One of my favorite assignments this year was working with ProPublica, an independent, non-profit newsroom that produces investigative journalism. The reporters there not only produce their own award winning stories, but they also provide reporters from other media outlets with a searchable database. It’s up to us to plug in names and locations to find trends. I looked through hundreds of names throughout Los Angeles County to find the doctors who were being paid top dollar by pharmaceutical companies to attend lectures. The discovery led to a question only one doctor would answer: is there a conflict of interest? From my story (Daily News, March 10, 2013–the online version is unedited. The portion below is the edited version that ran in the paper).
Drug money runs deep in the Golden State.
It comes from the world’s leading pharmaceutical companies and leads to a mental health clinic in Granada Hills, an anesthesiologist’s office in Santa Monica, and to a cardiologist with practices in Glendale, Pasadena and Long Beach.
In fact, hundreds of physicians, psychiatrists, and medical school faculty members across California are on the payroll of major drug companies, earning tens of thousands of dollars for speaking to other medical professionals at events held by industry leaders that make drugs such as Advair, Cymbalta, Viagra and Zoloft.
From 2009 to 2012, California doctors who participated were paid $242million – the most in the nation – by major drug companies for research, speaking, consulting, trips and meals, according to a new database released Monday by ProPublica, an independent, nonprofit news organization.
The disclosures have been listed on the websites of some drug companies for several years, but a federal mandate will require it for companies by 2014.
Analysts from ProPublica gathered names of physicians, the amount they were paid, and the services they rendered – data listed on websites of 15 of the largest pharmaceutical companies, which make up 47 percent of U.S. drug sales.
The data show that speaking about diseases for a drug company has become a lucrative moonlighting gig for those in the medical profession locally and across the nation.
But while the practice of speaking is not illegal, it raises the question of conflict of interest: Is the drug being given to you because you need it, or because the doctor writing out the prescription is paid by Big Pharma?
The database also shows that about half of the top earners are from a single specialty: psychiatry, according to findings by ProPublica.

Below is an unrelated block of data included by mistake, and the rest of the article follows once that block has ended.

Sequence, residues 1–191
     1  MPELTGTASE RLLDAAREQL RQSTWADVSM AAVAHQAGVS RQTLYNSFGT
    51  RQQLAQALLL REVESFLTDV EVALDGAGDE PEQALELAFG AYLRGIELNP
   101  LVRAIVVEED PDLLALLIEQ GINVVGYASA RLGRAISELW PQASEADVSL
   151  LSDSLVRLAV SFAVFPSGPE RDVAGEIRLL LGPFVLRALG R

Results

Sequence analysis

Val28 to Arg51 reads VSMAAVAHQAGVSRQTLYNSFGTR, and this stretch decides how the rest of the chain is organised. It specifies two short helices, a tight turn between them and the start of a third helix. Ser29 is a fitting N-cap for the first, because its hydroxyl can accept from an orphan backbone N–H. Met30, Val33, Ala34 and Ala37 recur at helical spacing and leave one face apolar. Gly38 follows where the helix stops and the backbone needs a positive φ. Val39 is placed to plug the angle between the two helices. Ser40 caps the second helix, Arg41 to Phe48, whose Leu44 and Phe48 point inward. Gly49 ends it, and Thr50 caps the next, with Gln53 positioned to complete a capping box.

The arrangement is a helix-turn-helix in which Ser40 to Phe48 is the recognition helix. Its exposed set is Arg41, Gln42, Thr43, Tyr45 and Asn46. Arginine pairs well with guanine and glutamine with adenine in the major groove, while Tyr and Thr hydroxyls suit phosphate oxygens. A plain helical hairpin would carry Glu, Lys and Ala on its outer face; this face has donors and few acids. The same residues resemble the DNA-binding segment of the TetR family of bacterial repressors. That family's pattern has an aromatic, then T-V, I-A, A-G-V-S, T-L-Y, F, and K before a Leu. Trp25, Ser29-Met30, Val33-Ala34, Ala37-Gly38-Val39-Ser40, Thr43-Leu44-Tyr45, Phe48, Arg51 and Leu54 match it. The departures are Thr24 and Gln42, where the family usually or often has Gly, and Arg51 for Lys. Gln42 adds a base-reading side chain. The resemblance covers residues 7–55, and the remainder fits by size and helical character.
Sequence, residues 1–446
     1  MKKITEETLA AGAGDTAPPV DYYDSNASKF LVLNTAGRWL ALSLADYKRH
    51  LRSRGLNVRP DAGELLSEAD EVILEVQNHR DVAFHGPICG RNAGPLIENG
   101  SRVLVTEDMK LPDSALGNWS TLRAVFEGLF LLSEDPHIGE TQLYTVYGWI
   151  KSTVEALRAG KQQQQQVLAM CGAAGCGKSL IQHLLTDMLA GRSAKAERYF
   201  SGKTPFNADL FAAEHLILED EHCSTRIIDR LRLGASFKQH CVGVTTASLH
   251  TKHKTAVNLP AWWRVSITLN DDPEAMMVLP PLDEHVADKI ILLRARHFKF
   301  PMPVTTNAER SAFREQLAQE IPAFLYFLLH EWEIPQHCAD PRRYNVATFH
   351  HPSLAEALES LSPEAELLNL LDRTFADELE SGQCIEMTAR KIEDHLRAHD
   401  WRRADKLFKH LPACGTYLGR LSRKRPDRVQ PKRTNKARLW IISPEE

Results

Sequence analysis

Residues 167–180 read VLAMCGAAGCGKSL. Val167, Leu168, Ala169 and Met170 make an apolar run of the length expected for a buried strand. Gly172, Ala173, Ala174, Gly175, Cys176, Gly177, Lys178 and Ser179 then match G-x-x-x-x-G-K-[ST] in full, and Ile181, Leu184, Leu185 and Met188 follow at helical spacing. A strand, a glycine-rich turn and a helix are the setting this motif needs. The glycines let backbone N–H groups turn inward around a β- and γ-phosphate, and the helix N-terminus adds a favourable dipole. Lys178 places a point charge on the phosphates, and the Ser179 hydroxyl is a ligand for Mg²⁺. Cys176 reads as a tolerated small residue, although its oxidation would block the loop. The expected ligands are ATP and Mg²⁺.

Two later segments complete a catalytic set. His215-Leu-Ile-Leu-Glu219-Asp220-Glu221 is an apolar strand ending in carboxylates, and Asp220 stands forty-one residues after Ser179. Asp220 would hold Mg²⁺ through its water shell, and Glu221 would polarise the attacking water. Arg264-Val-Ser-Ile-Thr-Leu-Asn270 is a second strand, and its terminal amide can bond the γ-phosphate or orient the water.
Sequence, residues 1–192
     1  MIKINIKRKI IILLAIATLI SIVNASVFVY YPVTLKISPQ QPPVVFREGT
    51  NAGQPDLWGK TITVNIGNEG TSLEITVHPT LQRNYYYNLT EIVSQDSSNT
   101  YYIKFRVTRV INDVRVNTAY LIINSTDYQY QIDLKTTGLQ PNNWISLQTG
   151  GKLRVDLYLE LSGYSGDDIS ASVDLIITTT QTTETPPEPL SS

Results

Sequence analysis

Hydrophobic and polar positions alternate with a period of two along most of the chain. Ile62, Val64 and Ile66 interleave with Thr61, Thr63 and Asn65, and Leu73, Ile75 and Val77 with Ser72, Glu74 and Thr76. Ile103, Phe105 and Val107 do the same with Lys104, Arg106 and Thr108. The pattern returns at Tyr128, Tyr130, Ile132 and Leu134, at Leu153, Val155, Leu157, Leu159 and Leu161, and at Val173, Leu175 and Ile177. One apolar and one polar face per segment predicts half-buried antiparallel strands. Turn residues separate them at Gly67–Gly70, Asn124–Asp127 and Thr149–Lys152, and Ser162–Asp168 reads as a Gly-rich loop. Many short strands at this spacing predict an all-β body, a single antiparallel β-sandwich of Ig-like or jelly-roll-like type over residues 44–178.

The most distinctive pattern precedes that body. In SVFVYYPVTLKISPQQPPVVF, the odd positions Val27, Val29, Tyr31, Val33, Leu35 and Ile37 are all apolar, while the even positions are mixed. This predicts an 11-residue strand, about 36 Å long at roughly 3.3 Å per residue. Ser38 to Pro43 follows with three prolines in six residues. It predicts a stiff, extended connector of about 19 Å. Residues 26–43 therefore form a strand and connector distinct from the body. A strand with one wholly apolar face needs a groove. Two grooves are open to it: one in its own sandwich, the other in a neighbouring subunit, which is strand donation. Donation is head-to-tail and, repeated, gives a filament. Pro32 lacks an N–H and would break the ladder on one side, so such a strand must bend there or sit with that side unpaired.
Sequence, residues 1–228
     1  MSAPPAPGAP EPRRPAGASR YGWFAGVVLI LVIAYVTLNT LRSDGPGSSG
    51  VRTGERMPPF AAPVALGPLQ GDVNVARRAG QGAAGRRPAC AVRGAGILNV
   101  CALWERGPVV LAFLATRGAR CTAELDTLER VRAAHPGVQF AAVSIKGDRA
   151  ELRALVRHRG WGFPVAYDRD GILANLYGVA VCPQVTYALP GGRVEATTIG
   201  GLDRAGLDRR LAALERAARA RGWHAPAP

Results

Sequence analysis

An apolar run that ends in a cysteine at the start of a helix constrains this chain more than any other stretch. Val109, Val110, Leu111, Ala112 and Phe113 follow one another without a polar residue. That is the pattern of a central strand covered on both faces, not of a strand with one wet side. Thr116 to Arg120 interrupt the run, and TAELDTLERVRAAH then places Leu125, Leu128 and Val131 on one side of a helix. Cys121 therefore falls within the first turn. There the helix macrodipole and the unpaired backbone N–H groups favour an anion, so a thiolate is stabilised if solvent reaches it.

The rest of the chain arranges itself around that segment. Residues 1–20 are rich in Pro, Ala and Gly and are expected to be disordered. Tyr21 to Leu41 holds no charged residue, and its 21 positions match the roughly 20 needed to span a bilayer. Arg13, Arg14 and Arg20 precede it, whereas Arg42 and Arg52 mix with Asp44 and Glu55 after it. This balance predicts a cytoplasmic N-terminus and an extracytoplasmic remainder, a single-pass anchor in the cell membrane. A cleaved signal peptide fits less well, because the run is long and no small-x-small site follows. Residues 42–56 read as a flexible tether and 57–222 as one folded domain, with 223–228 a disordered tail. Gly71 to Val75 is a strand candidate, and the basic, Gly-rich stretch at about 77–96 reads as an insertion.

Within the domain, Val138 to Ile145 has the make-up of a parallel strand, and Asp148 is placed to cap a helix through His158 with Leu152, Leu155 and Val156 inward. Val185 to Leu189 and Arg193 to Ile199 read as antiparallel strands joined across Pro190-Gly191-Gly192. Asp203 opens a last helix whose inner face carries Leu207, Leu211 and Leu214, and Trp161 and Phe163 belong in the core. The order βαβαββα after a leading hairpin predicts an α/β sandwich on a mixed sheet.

“It boggles my mind,” Dr. James H. Scully Jr., chief executive of the American Psychiatric Association, told a reporter from ProPublica, referring to the big money paid to some psychiatrists for what are billed as educational talks.
Paid speaking “is perfectly legal, and if people want to work for drug companies, this is America,” said Scully, whose specialty has often been criticized for its over-reliance on medications. “But everybody needs to be clear – this is marketing.”
Dr. Arthur Chanzel Jeng, an infection-control specialist at UCLA-Olive View Medical Center in Sylmar who was paid $80,500 last year by Pfizer for speaking engagements, defended the practice, saying the lectures serve an educational purpose.
“Pharmaceutical companies used to take doctors to dinner, but that was banned years ago,” Jeng said in an interview with the Los Angeles News Group.
“Now they must provide some educational content.”
He and others in his field are concerned about drug-resistant diseases and the limited number of antibiotics. Drug companies have little incentive to produce new antibiotics, he said, so if they do, physicians in his field want to know more about the drugs. That’s why he agrees to speak.
“We (speakers) provide education when a new antibiotic does get released,” he said. “There needs to be education among doctors on how to use this new antibiotic.”
Jeng said Pfizer is never mentioned by name at the events. Internal monitors attend the engagements to make sure, because of past litigation against the company. He also said he does not feel pressured to administer medications solely made by Pfizer.
“A lot of the lectures are in university settings. It’s part of our job description,” he said. “We don’t take samples.”